It’s a story that seems to show what’s wrong with government, but, in reality, it’s an example of what’s wrong with journalism.
The headline Tuesday at NewsOn6.com was the kind that television news stations dream about: “Piedmont Boy, 3, Gets $2,500 Ticket For Urinating In His Front Yard.”
The initial thought of viewers is outrage, and rightfully so. Ticketing a young child for not being able to control his bladder is inexcusable. That is, until you actually hear the facts, which sadly TV news stations hardly provide.
“A three year old gets his mother in trouble with the law when he gets a ticket from police,” said Channel 9 news anchor Kelly Ogle. The problem is the ticket wasn’t issued to the boy, but instead his mother. It’s a small fact but the truth wouldn’t have produced as flashy a lead.
“Now the little boy’s mother will have to pay thousands of dollars,” anchor Amanda Taylor followed.
Again, it’s fodder ripe for TV sensationalism, but still not true. Piedmont police chief Alex Oblein confirmed Tuesday morning that the amount written on the ticket was the maximum bond and that if the mother did have to pay a fine it would most likely be significantly cheaper.
In fact, Oblein called later in the morning to say charges had been dropped by the district attorney, a move that Channel 9 will no doubt take credit for.
Oblein returned my phone call Tuesday morning, something Channel 9 said they were unable to do the day before. Oblein said the news report made it sound like the officer was a nuisance to neighbors by parking at the end of the street for the last few days. However, the officer was on Ryan Street because police had received complaints from residents that teenagers were damaging cars, even urinating on them. Police were present because they were listening to citizens, not antagonizing them, Oblein said.
Oblein said he has spoken with the officer who said the child was led to the end of the driveway by a teenage family member who instructed young Dillian to pull down his pants and urinate. The officer didn’t actually see the boy pee, but Oblein said the teenager was aware of the officer’s presence and that he may have antagonized the officer. After talking with Oblein, it does sound like the officer could have handled the situation better. He may have been rude and confrontational, a demeanor Oblein has said he wants to change since arriving in Piedmont last summer.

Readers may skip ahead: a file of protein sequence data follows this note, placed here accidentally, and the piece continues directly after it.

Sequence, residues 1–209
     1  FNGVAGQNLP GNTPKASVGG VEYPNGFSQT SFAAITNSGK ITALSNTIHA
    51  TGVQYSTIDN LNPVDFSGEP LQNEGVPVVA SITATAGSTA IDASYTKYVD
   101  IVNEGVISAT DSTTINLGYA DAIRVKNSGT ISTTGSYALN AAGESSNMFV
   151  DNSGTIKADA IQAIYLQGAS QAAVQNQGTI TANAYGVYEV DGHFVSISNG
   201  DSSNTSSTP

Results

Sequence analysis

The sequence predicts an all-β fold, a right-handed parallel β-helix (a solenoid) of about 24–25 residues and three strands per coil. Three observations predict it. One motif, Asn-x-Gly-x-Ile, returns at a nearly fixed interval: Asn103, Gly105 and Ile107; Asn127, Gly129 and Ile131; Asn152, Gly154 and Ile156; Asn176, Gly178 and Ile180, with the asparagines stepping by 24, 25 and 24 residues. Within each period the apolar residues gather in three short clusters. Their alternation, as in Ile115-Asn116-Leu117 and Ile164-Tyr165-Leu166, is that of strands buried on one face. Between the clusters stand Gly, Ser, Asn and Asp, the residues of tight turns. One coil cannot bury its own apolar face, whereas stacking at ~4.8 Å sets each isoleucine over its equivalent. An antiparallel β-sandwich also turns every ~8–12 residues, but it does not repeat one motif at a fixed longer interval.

Now, I don’t blame the mother for being outraged. I would probably be equally as mad if I were in her shoes. But the police have worked with the family to drop the charges, and even though Channel 9 reported that the police refused to take a complaint from the family, Oblein said that is not the case and that a complaint was taken Monday.
The mother complained on TV that she should have a right to do whatever she wants on her private property and another family member joked that should include peeing in their front yard if they so choose.
“You can’t just do anything on private property,” Oblein said. “When you are in public view of others, there are some restrictions.”
Was the officer inappropriate in writing the ticket? It’s hard to say. Could he have been more professional? It sounds like he could have. Does there need to be better communication between police and citizen? Sure.
I understand the family’s frustration, but my frustration comes from the fact that this is yet another example of why my industry is suffering.
A three-year-old may have urinated in his front yard, but Channel 9 just urinated all over Piedmont because, just like the majority of TV-based news operations, they understand that facts and effort don’t help ratings.